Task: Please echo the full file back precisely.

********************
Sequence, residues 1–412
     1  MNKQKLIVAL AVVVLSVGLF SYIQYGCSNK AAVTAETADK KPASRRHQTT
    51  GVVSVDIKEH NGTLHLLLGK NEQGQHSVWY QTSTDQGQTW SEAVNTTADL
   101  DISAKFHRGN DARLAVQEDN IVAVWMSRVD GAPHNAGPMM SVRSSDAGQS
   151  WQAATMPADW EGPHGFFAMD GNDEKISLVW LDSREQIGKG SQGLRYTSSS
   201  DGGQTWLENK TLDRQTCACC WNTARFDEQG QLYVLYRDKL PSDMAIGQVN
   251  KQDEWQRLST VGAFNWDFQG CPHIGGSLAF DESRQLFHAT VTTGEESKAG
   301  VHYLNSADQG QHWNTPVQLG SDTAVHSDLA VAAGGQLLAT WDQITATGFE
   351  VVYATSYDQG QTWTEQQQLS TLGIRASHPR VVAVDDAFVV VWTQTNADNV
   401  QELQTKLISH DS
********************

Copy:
Sequence, residues 1–412
     1  MNKQKLIVAL AVVVLSVGLF SYIQYGCSNK AAVTAETADK KPASRRHQTT
    51  GVVSVDIKEH NGTLHLLLGK NEQGQHSVWY QTSTDQGQTW SEAVNTTADL
   101  DISAKFHRGN DARLAVQEDN IVAVWMSRVD GAPHNAGPMM SVRSSDAGQS
   151  WQAATMPADW EGPHGFFAMD GNDEKISLVW LDSREQIGKG SQGLRYTSSS
   201  DGGQTWLENK TLDRQTCACC WNTARFDEQG QLYVLYRDKL PSDMAIGQVN
   251  KQDEWQRLST VGAFNWDFQG CPHIGGSLAF DESRQLFHAT VTTGEESKAG
   301  VHYLNSADQG QHWNTPVQLG SDTAVHSDLA VAAGGQLLAT WDQITATGFE
   351  VVYATSYDQG QTWTEQQQLS TLGIRASHPR VVAVDDAFVV VWTQTNADNV
   401  QELQTKLISH DS